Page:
DELAWARE: Focus Is on Attorney General

Map: The 50 States | Mid-Atlantic
Sunday, November 5, 2006

In a state that loves its incumbents, Sen. Tom Carper (D) has barely had to bother with the opposition from Temple University professor Jan Ting (R). More attention has focused on the effort by Beau Biden (D), son of Sen. Joseph Biden (D-Del.), to win the attorney general's race against Ferris Wharton (R), a 23-year veteran of the state Justice Department.


D.C. Council member Adrian Fenty, who defeated the council chairman, Linda Cropp, in the Democratic primary in September, is assured to be the next mayor of the District. Washington's longtime delegate to Congress, Eleanor Holmes Norton (D), is unopposed.

MARYLAND: Close Despite Party Imbalance

If the 2006 elections are hard for the GOP anywhere, it would seem that it would be Maryland, where voter registration is so lopsided: 55 percent Democratic, 29 percent Republican. But the races for governor and senator are extremely competitive.

Gov. Robert L. Ehrlich Jr. hopes to become the state's first GOP governor in 50 years to win a second term and has spent heavily to stress a moderate approach to governing. Baltimore Mayor Martin O'Malley (D) has led Ehrlich in every public poll but has been on the defensive against attacks that he has done a poor job fighting crime and fixing schools.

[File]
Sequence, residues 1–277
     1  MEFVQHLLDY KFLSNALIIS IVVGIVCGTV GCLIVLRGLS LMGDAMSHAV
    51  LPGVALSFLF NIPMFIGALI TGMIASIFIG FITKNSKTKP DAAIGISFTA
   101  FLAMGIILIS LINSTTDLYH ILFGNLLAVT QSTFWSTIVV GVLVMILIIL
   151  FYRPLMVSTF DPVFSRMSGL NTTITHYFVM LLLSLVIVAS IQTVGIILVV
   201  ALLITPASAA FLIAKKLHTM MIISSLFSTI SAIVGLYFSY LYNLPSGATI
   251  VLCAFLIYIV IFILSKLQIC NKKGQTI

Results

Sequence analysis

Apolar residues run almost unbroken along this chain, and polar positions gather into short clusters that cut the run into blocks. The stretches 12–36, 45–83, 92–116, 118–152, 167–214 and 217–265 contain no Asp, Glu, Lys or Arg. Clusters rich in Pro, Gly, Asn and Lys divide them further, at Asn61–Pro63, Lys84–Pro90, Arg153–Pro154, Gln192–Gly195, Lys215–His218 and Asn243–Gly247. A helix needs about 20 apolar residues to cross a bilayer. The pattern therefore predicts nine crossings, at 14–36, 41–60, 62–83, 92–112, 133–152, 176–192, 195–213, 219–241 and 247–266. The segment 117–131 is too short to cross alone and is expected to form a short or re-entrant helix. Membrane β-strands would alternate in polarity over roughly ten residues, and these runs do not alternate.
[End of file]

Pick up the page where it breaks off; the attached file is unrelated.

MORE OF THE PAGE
The Senate race is to replace Paul S. Sarbanes (D), the longest-serving senator in Maryland history. President Bush and strategist Karl Rove handpicked Lt. Gov. Michael Steele (R) for his engaging personality and as a symbol of the party's efforts to reach out to African Americans. He faces Rep. Benjamin Cardin (D), whose more-than-40-year career in politics began when he was elected to the state legislature while in law school.

Steele has been the more stylish campaigner, but Cardin has not let voters forget that Steele's views on abortion and the war are not in line with most Marylanders'.

There is likely to be little change in Maryland's congressional delegation, including that a Sarbanes should still be in it. Lawyer and community activist John Sarbanes (D), the senator's son, is favored to win Cardin's seat.

NEW JERSEY: Dueling Political Loyalties

There was some grumbling when Gov. Jon Corzine (D) named then-Rep. Bob Menendez as his replacement in the Senate last year, and those concerns have been magnified this fall. In a strongly Democratic state, Menendez has struggled against state Sen. Tom Kean Jr. (R), son of the former governor.

Kean has focused on corruption, charging that Menendez is under federal investigation, an allegation the incumbent calls scurrilous. Menendez has run against the war and Bush. Kean has tried to mute the issue by calling for the resignation of Defense Secretary Donald H. Rumsfeld. Menendez appears to be narrowly ahead.

In the 7th District, state Assemblywoman Linda Stender (D) is challenging Rep. Mike Ferguson (R), who could fall if Democrats have a big night Tuesday.

NORTH CAROLINA: 1 Seat Safe, 1 in Play

After a decade in Congress, Rep. Charles Taylor (R) is in jeopardy of losing his 11th District seat. Taylor has spent nearly $3 million of his money to attack former NFL quarterback Heath Shuler (D), but nothing seems to be sticking. Shuler's down-home ads have cast him as a solid conservative -- a necessity in this GOP-leaning western North Carolina district where Bush won with 57 percent in 2004.

In the 8th District, Rep. Robin Hayes (R) is heavily favored over Larry Kissel (D) despite the even partisan split of the district.

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